• Try to think about the whole matter as a series of tasks. Whilst responsibility for a whole matter and client liaison may need to remain with a senior lawyer, do all the tasks need to be done by him or her? Always ask “Who did that? Did it need to be them?“.
  • Make maximum use of paralegals, but keep in mind that, without growth to occupy the freed-up senior lawyers, this may lead to hard decisions regarding staffing.
  • Work from the centre. A central view can help to spot similarities across traditional departmental lines. This is where PSLs and KMers can add significant value, having both an in-depth understanding of matter management and a broader understanding of the stocks and flows of knowledge within the business.
  • Talk to all clients in depth about potential changes. Whilst some clients may always have been keen on bespoke treatment and their own house-style reports or documents, they should still be approached about the process-based, standardised alternative, as they may be keen on the improved pricing that follows from it.
  • Try to be imaginative about processes and pricing. If you are struggling, try to think of ridiculous ideas as well as more practical ones, as these can spark new imaginative workable ideas.

Great places to start:

  • Any regulatory frameworks or court requirements. The process is usually outlined and is mandatory, so fee earners will be used to working with it.
  • Gain a couple of quick wins with easier processes and measure the improvements, particularly financial, in order to persuade other fee earners of the value.
  • Look out for areas where there are competitive pressures. These are more ripe for change than those where the clients and lawyers are settled comfortably (although these can always be disrupted later).
  • Use workshops of mixed staff to map processes. Swim lane diagrams are very useful as a visual aid. They often make inefficiencies obvious. swim lanesRemember that partners and paralegals have different knowledge to offer, but both are valuable in describing the usual process. Maps will show you what can be automated, delegated, out-sourced or done at a low cost in-house location.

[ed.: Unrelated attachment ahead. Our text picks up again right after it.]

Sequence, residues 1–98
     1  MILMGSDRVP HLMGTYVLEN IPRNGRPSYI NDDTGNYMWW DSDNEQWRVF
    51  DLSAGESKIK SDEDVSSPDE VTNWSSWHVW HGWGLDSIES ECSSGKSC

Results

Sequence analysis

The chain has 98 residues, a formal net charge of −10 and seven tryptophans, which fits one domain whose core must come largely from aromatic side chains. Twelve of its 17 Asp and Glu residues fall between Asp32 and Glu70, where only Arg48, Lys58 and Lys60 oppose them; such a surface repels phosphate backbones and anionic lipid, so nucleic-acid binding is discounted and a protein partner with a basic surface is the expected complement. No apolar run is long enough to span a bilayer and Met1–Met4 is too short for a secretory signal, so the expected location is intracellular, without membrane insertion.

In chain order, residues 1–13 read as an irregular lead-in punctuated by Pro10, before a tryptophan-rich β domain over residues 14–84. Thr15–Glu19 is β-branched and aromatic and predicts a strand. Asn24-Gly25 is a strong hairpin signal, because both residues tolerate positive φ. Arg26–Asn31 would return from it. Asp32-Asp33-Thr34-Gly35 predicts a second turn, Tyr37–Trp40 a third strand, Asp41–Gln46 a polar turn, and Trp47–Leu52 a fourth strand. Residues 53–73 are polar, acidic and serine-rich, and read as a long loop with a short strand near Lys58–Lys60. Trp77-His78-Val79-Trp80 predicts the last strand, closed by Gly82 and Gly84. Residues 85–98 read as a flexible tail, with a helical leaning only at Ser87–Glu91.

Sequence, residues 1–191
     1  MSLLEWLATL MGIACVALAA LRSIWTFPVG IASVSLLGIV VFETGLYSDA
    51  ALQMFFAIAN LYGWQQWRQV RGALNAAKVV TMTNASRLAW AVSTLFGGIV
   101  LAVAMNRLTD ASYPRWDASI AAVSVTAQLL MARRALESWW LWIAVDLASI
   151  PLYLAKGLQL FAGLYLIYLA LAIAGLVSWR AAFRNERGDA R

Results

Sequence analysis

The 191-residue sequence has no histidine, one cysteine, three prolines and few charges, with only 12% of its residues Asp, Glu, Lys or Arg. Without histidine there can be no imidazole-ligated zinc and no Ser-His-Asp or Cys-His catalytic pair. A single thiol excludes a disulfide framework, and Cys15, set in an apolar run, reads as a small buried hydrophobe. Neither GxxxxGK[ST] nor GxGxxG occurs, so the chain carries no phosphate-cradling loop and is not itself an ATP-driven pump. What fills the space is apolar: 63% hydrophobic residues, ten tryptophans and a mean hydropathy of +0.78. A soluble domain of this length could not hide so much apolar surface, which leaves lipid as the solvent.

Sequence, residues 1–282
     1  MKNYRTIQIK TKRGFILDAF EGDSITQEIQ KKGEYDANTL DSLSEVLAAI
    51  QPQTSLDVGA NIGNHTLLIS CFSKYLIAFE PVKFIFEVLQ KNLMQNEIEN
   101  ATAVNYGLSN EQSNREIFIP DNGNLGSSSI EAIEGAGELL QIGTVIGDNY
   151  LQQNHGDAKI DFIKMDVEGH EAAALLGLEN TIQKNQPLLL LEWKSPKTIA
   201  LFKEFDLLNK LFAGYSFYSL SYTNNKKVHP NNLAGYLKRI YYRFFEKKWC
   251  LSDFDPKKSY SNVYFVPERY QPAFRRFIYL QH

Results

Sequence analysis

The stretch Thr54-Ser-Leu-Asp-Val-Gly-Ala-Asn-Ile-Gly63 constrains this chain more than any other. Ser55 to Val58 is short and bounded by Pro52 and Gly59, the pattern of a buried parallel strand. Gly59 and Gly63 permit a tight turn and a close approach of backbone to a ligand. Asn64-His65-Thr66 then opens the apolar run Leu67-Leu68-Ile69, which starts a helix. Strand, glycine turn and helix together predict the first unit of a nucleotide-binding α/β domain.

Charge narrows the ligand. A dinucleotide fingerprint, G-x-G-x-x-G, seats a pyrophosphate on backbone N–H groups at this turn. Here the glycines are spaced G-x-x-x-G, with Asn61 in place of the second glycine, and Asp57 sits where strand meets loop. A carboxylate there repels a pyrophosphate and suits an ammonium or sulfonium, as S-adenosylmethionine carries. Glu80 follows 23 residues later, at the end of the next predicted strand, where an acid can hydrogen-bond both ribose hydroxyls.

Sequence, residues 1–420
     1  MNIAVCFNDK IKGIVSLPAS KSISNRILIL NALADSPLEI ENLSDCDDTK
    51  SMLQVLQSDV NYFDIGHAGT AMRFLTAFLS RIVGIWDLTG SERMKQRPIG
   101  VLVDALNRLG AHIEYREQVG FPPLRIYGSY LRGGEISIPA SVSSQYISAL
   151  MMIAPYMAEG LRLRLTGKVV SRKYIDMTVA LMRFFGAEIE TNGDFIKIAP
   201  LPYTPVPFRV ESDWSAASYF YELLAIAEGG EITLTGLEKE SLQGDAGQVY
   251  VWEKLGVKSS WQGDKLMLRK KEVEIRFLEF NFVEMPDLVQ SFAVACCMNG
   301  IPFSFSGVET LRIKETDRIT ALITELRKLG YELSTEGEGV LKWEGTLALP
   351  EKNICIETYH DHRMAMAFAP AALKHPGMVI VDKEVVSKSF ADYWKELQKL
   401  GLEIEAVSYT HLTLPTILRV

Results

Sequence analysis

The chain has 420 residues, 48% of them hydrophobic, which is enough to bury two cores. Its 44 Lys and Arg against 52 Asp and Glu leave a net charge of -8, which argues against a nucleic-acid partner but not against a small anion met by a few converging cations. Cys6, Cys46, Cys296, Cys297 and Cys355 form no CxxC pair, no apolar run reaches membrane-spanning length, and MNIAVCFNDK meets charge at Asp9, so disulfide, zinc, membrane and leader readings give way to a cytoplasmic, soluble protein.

• Be wary of what is said to be the “usual process” and reasons given for anomalies. Look at the files to understand what is actually happening. Fee earners may think “X” is usual and “Y” is an anomaly, but if Y happens on 4/10 files, X on 4/10 files and Z on the other 2 files, you need to understand what is happening and why. You also need to get to the true reason for Y and Z. Don’t accept “surface” reasons such as “poor communication” or “lack of time”. Dig for the real operational reason.

Project management

Although not all law firms can afford project managers, and not all clients will pay for a project manager (although why pay for a lawyer to manage a project when a project manager is better at it?), lots of law firms can benefit from using project management techniques.

Think in particular about dependencies, time scales and cost, and change control.

  • What activities outside the lawyer’s control that often mess up matters?
  • Have an idea what you will do when X happens to derail your perfect plans.
  • Although not all matters require a gantt chart or PID (project initiation document), many will benefit from a quick review at the outset thinking along those principles.

 

What now?

How can Duncan help your firm?

If you need training in process management, I offer in-house training to law firms or come along to my day-long KM foundation course, where we cover it too.

Or get a copy of my Projects book (project 3 is a process project).

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To whom do you owe your knowledge?

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My first RCT